Commentary


A view of a damaged trailer in Haywood County, NC, after historic flooding. Gov. Roy Cooper declared a State of Emergency in Haywood County after the heavy rainfall from Tropical Depression Fred devastated the area, putting businesses under 6 feet of water and mud and killing several.l 
Climate scientists warn that climate change will produce more frequent and violent storms in the years to come. (Photo by Peter Zay/Anadolu Agency via Getty Images)
Climate Change Is Not a Warning for North Carolina – It’s Already Here.

A rural North Carolina advocate on the need for big climate change and infrastructure plans to offset the impacts on farms and families.

(Image via AP Photo/John Locher)
Union County’s School Board Is Unfit for Office

By abandoning quarantine and contact tracing, Union County school leaders have put their children and staff in an impossible situation.

At work in DC in December 2001, Eva Clayton was a trailblazing former congresswoman from North Carolina. She was also a longtime local leader in Warren County, NC. (Getty Images)
Trailblazing US Rep. Eva Clayton: The Virus is Winning the Race in Rural North Carolina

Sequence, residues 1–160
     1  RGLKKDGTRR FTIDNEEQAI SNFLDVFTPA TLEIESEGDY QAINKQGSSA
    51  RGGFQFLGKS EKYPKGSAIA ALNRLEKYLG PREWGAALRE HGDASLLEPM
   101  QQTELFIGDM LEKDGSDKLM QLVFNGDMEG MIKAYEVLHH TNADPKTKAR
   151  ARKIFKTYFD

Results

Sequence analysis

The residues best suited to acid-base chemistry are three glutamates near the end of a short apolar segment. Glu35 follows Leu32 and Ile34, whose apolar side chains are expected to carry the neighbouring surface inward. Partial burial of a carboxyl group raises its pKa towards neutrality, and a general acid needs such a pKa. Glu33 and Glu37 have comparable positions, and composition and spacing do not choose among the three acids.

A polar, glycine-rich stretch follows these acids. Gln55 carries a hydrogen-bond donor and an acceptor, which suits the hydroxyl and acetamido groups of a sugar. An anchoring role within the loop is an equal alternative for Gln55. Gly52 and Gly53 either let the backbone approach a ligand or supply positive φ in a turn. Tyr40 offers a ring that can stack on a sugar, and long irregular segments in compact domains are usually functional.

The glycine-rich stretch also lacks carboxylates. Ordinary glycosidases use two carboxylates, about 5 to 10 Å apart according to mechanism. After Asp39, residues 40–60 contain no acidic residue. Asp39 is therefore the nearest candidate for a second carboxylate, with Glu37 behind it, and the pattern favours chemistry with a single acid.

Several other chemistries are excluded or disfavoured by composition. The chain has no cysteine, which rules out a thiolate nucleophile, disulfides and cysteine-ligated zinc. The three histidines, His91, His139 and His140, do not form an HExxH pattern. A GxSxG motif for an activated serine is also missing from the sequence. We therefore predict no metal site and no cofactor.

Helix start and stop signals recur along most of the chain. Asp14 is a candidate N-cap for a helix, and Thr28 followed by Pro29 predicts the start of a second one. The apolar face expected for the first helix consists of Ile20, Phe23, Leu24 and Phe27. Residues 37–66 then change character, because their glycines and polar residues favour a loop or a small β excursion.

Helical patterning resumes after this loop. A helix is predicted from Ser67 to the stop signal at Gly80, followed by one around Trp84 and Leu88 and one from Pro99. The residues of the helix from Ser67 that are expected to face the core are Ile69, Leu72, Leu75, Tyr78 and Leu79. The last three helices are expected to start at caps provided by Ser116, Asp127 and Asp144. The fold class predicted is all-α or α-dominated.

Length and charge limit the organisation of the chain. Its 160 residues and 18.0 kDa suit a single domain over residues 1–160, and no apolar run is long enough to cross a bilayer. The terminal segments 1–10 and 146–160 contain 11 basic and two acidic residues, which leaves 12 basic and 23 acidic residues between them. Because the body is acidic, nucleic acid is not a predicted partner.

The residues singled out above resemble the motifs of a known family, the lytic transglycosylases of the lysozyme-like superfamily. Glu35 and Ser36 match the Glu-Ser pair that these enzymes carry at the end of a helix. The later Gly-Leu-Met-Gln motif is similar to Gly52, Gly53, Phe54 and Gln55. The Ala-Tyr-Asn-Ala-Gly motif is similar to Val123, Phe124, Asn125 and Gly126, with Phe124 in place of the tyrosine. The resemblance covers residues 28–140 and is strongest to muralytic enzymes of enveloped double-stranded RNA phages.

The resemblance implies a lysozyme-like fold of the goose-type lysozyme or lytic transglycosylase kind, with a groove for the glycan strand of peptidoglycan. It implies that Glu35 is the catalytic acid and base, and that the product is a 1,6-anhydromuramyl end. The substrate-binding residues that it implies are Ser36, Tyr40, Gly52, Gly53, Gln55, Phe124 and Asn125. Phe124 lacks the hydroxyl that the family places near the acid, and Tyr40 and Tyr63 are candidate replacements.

The low vaccination numbers and lack of health care access make for a deadly combo in rural places.

As North Carolina schools reopen, public health leaders will face pressure to require the COVID-19 vaccine. (Image via Shutterstock)
NC’s Public Schools Already Require Vaccines. The COVID-19 Vaccine Should Be One of Them.

If and when a COVID-19 vaccine is cleared for younger children, North Carolina’s schools should add it to the list of required immunizations.

A North Carolina leader in women's rights explains why the Equality Act isn't just about LGBTQ people. It's about protecting all women. (Image via Shutterstock)
The Equality Act Isn’t Just About LGBTQ People. It Would Protect All Women.

On Women's Equality Day, a NC leader in women's rights calls for federal protections based on sexual orientation or gender identity.

Journalist Nikole Hannah-Jones stands for a portrait at her home in New York, Tuesday, July 6, 2021. A controversy over tenure at UNC-Chapel Hill has supercharged debates in North Carolina about teaching the state's history of racism in K-12 and higher education. (AP Photo/John Minchillo)
‘What Gets Taught Matters’: Why North Carolina Must Confront Its History of Racism

The author of a North Carolina history book explains why it’s so crucial for the state’s K-12 students to understand our state’s history of racism.

Teachers dance during a protest outside the state capitol in Raleigh, North Carolina on May, 16 2018.  The state has struggled to recruit and retain teachers in the last decade. But K-12 researchers are particularly concerned with a shortfall of Black and brown teachers in a state where the majority of students are students of color. (Photo by Logan Cyrus / AFP)        (Photo credit should read LOGAN CYRUS/AFP via Getty Images)
North Carolina Students Really Need Black and Brown Teachers

A diverse teaching staff can boost test scores and attendance for students of color. It can also be a matter of life or death.